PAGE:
Timeline details marijuana votes and regulations
By Matthew Soper
Published Thursday, March 2, 2017 8:09 am
Editor's note: With a majority of Orchard City trustees expressing interest in marijuana business as a way of raising town government revenue, and with a majority of town residents likely opposed to the idea, thanks to Orchard City resident Matt Soper for compiling a history of the marijuana issue in Orchard City and Delta County. (Sources and references are available.)
Historic timeline of marijuana and
• Year 2000, Amendment 20, Medical Marijuana: Colorado's General Assembly referred Amendment 20 to the voters for the November 2000 election. While the amendment passed with 53.5 percent of the vote state-wide, the amendment overwhelmingly failed in Delta County, with 60.34 percent of the electorate voting against the measure. Orchard City largely followed the county results, with 59.78 percent voting against.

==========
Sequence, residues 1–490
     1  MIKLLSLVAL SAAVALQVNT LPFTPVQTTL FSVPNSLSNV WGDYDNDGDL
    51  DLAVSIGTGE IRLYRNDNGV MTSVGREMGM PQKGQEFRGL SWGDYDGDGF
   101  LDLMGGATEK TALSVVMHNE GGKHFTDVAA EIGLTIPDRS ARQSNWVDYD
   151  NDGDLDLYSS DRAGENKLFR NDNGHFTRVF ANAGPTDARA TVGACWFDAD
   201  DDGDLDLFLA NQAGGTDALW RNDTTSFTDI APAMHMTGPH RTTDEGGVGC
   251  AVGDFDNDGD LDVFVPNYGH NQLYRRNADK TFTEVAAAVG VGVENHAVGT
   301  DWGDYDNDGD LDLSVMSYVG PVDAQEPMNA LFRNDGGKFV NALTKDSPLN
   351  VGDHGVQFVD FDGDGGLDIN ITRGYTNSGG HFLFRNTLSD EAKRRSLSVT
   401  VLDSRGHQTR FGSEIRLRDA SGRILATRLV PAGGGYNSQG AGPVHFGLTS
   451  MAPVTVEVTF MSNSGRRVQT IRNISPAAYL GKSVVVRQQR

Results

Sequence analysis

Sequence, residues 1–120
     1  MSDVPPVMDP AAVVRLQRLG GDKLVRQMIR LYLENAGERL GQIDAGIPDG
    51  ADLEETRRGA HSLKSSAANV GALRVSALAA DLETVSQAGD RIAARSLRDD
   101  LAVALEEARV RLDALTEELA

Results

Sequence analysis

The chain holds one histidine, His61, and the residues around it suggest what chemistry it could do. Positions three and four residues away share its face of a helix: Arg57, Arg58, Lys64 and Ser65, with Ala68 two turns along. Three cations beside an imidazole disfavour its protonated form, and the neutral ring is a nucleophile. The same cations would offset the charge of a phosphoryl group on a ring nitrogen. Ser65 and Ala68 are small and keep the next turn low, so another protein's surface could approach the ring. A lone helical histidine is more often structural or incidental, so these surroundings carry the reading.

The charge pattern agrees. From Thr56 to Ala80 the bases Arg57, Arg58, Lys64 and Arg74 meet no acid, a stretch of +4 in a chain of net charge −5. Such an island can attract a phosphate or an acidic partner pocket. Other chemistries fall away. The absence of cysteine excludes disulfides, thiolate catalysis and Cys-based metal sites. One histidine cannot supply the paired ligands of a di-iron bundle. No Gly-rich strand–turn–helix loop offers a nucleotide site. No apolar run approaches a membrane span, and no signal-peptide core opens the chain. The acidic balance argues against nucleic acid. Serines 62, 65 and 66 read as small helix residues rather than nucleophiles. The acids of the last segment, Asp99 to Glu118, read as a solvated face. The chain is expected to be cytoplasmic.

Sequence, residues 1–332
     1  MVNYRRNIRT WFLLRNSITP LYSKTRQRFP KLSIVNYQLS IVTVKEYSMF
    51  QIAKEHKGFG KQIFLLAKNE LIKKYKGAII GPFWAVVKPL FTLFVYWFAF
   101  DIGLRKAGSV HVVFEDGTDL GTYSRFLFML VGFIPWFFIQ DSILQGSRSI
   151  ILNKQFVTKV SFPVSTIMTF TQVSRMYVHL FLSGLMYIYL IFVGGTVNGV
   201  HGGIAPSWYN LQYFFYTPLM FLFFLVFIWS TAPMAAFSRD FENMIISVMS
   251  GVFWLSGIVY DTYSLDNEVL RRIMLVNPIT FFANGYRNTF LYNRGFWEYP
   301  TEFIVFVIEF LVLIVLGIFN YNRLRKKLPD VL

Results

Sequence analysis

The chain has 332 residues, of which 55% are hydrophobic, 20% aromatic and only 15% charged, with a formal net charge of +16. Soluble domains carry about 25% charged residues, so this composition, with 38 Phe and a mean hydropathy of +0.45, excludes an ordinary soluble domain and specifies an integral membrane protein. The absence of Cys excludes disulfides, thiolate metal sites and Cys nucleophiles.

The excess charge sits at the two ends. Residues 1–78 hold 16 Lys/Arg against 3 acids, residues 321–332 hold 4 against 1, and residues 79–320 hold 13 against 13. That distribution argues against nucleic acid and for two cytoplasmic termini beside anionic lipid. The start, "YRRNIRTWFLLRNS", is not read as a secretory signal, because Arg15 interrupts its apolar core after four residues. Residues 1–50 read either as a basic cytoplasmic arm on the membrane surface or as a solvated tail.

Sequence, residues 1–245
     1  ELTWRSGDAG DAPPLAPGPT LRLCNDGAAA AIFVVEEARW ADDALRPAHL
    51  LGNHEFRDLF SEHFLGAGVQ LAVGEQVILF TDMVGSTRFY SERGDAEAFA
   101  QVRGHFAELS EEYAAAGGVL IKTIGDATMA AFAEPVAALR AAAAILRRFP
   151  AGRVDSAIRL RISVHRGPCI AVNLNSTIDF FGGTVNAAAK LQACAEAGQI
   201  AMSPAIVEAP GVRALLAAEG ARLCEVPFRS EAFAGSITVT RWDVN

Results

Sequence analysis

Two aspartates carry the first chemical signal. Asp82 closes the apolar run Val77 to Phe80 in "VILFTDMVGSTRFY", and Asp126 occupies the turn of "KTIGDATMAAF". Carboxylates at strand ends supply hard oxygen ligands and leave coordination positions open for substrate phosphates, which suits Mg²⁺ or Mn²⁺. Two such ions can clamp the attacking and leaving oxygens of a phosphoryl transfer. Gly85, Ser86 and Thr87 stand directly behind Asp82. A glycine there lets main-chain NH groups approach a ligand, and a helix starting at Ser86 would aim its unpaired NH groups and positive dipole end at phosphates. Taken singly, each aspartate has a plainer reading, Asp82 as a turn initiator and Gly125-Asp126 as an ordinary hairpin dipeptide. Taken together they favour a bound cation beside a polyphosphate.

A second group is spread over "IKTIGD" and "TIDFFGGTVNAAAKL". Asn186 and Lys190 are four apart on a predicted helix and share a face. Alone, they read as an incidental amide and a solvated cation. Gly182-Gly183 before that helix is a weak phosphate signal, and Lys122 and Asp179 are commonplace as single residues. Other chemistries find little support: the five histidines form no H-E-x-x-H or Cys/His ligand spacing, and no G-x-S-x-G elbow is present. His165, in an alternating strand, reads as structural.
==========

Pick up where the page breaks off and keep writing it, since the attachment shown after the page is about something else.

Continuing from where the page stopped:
Amendment 20 is codified in article XVIII, section 14 of the Colorado Constitution and provides legalized limited amounts of medical marijuana for patients and their primary caregivers. An informal rule between the Colorado Department of Public Health and Environment and the Drug Enforcement Agency limited primary caregivers to five patients.
• 2006, Amendment 44 Recreational Marijuana: The first attempt to legalize recreation marijuana was brought before the Colorado electorate in November 2006. Amendment 44 failed statewide with 58.92 percent voting no. In Delta County, 68.78 percent voted against legalizing marijuana for recreational purposes. In Orchard City, 75.15 percent of the voters said no to decriminalizing marijuana for recreational purposes.
If passed, Amendment 44 would have changed state law to allow people over 21 to possess an ounce or less of marijuana without legal penalty. Colorado at the time had a law which imposed $100 fine for simple possession of an ounce or less.